The continuing medical education (CME) community lost one of its leaders and advocates this past week. Gordon West, PhD, President of the Society of Academic Continuing Medical Education (SACME) passed away, on July 17, 2012. Dr. West was 61, according to his obituary.
For the last 12 years, West served as the Director of Continuing Education at the Annenberg Center for Health Sciences at Eisenhower. “We are one of the few CME educational providers catering to a multidisciplinary group of health care professionals from the medical, nursing, pharmacy, psychology, dental and social service fields,” West said. At the Annenberg Center, Dr. West directed and designed continuing education programs while ensuring every activity meets essential guidelines for credit; he was also involved in the development of long-range evaluation tools to assess program effectiveness.
Dr. West was also Chair of the Legislative Committee for the Southern California Medical Education Council; a surveyor for the Accreditation Council for Continuing Medical Education (ACCME); a certified continuing medical education professional (CCMEP); and a member of the Alliance for Continuing Medical Education in the Health Professions. He was a Presbyterian minister for 35 years and a professor at College of the Desert in Palm Desert, California for 15 years.
Dr. West began his term as SACME President in June 2012. He aspired to enhance working relationships among CME professional peer groups and intensifying the organization’s network with other national associations. “I also want to position CME as more than just issuing certificates and credit.” He added, “I want to elevate how we educate patient-care teams among our multidisciplinary groups . . . to foster an ‘extended care’ team concept.” Reflecting on the challenges and the future of the CME industry, Dr. West believed his term would be intriguing mainly due to the considerable uncertainty facing the profession. Due to the current physician shortage, Dr. West believed technology would be a significant factor in CME delivery.
“Physicians are busy balancing patient loads and managing patient costs, therefore, continuing education requires more targeted and convenient delivery.” Dr. West added, “We may need to design CME activity into smaller learning segments.” Whether applying his people skills, exploring, designing, or launching a new program, Dr. West is sure about one thing – continuing education and learning are an ever- evolving work in progress.
Dr. West earned a Doctor of Ministry from Columbia Theological Seminary in 1977. In 1992, he received his PhD in Curriculum and Instruction from the University of South Florida. He joined Eisenhower Medical Center in 1995 as chaplain and employee assistance coordinator and transferred to the Annenberg Center for Health Sciences at Eisenhower and the CME profession in 2000. An accomplished educator and speaker, he conducted multiple-subject medical grand rounds, and had several published articles.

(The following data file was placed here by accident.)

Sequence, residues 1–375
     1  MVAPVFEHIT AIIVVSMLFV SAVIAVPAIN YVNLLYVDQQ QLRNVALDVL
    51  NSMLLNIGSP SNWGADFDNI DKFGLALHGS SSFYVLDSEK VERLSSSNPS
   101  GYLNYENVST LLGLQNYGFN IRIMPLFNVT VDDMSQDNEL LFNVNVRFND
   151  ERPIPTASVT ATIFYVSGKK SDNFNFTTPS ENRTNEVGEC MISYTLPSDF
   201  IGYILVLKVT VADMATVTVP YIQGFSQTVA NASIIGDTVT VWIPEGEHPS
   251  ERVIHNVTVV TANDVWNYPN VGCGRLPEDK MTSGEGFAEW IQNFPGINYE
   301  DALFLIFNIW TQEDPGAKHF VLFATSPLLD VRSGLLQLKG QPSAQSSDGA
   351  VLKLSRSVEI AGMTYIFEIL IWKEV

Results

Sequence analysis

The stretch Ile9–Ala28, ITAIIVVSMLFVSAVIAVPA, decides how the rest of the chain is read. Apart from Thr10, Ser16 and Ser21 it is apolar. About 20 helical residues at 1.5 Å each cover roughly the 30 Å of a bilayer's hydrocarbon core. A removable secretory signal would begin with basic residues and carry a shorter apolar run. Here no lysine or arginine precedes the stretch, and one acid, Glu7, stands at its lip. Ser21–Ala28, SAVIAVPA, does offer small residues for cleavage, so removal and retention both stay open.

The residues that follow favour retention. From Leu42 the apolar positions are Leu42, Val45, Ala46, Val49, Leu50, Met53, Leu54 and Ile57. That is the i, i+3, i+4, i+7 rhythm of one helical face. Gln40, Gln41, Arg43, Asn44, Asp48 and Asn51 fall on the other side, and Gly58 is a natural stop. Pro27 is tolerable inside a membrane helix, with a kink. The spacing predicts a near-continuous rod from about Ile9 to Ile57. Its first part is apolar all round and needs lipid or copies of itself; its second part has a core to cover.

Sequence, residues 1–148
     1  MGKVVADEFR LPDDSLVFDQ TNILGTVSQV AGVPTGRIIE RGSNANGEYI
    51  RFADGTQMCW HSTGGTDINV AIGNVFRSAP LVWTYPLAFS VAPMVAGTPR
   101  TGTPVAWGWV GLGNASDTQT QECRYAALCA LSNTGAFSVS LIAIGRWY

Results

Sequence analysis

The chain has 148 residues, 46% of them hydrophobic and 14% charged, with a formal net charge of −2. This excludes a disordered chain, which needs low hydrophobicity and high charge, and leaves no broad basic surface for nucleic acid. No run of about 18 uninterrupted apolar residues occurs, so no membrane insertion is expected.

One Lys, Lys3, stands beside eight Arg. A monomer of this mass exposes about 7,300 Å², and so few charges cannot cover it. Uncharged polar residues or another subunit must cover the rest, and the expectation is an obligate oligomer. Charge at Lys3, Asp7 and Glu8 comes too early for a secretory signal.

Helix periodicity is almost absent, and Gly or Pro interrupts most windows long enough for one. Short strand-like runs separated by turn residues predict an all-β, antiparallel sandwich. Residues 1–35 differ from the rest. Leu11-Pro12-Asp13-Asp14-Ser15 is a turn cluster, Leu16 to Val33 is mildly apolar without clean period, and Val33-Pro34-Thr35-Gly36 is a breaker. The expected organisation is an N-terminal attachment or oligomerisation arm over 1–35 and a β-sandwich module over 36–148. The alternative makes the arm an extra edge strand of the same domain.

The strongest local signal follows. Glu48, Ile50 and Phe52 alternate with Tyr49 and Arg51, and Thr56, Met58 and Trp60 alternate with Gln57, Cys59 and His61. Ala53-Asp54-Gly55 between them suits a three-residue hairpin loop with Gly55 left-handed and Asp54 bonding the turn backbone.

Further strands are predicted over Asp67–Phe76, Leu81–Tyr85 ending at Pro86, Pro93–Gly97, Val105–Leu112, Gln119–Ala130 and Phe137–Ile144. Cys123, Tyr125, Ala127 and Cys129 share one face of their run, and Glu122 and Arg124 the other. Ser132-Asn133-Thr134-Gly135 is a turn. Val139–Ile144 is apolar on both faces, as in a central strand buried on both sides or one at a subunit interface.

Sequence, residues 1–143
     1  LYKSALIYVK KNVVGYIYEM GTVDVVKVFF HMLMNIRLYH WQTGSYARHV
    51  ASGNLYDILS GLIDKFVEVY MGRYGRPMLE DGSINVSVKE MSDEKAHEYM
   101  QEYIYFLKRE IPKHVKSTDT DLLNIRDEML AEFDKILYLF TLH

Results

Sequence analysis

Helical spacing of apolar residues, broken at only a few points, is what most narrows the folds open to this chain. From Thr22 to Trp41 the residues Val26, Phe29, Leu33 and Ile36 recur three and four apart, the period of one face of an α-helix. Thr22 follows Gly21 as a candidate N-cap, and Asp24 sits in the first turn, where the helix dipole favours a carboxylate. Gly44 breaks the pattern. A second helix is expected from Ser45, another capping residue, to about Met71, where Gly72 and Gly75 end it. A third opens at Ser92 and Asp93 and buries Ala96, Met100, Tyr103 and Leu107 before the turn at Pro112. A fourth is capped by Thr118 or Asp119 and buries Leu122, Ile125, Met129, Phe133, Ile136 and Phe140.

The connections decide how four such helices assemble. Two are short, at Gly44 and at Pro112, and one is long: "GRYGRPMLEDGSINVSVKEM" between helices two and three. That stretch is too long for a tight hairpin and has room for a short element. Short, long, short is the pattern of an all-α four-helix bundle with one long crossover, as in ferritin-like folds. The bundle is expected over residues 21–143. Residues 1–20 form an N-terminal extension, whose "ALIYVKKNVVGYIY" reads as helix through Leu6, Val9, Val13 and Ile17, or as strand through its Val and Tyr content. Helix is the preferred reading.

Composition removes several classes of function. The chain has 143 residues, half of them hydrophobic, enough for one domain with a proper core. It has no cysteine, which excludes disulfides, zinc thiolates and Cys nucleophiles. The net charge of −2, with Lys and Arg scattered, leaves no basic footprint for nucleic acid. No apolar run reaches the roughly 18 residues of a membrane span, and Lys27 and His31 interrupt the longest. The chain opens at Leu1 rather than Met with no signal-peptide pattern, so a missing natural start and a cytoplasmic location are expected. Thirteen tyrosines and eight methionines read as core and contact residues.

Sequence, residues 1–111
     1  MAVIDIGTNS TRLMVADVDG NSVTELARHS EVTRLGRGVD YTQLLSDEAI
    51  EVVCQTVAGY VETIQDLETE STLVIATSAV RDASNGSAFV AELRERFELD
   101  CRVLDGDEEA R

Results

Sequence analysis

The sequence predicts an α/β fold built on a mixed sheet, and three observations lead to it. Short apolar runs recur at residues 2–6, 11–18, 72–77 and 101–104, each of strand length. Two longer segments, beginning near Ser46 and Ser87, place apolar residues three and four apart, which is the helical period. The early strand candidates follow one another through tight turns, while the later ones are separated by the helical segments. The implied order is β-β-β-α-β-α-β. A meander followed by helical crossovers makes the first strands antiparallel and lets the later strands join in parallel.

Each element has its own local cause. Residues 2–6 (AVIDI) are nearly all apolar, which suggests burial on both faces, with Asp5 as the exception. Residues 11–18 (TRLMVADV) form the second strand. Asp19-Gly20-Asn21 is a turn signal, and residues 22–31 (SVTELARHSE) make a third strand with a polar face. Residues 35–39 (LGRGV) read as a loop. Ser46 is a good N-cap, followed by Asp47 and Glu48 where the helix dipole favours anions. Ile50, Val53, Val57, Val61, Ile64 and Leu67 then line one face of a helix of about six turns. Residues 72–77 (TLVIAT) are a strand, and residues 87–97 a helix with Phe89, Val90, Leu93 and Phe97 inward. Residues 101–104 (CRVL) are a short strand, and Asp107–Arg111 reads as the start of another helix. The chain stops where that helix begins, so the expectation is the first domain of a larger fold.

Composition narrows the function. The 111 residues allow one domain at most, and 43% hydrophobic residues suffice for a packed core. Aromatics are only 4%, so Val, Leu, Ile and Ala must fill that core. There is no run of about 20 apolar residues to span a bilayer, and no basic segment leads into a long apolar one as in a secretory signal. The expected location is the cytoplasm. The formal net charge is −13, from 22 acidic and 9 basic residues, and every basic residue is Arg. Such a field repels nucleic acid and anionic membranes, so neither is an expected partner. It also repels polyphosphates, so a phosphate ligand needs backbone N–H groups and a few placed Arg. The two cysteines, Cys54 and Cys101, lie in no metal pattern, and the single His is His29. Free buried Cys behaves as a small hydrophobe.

In his kind demeanor, Gordon affected many of us.
“Gordon was a quiet leader who truly was one of the really nice guys in this or any field.” Stated Todd Dorman, Associate Dean for Continuing Education at Johns Hopkins.
Lois Colburn, Executive Director of University of Nebraska Center for Continuing Education expressed deep respect, “Gordon was a treasured colleague and friend who had the wonderful ability to bring people to consensus in a quiet, thoughtful manner that left everyone feeling like a winner. The very skills a good leader needs.”
Melinda Steel, a former SACME president reminisced, “Gordon was one of those people who was easy to talk to about anything. When I first met him, we talked more about family and faith than about professional issues. I knew immediately that he was the kind of person I could be friends with regardless of our professional connection. He was a strongly ethical person but also compassionate and caring in making sure that he listened and heard all sides before gently guiding a decision process.”
Melinda was touched by his enthusiasm “Gordon’s passions in the CME world were much the same as mine. He believed in strengthening the ties between professional groups and working together to reach a common goal. He believed CME was more than just providing continuing education to physicians; it was about enhancing quality through interprofessional teams to improve patient care and outcomes.”
Todd Dorman sums up everyones feelings in his reflections “I will miss him more than I can find words to say.”
The family requests donations be made to the American Heart Association .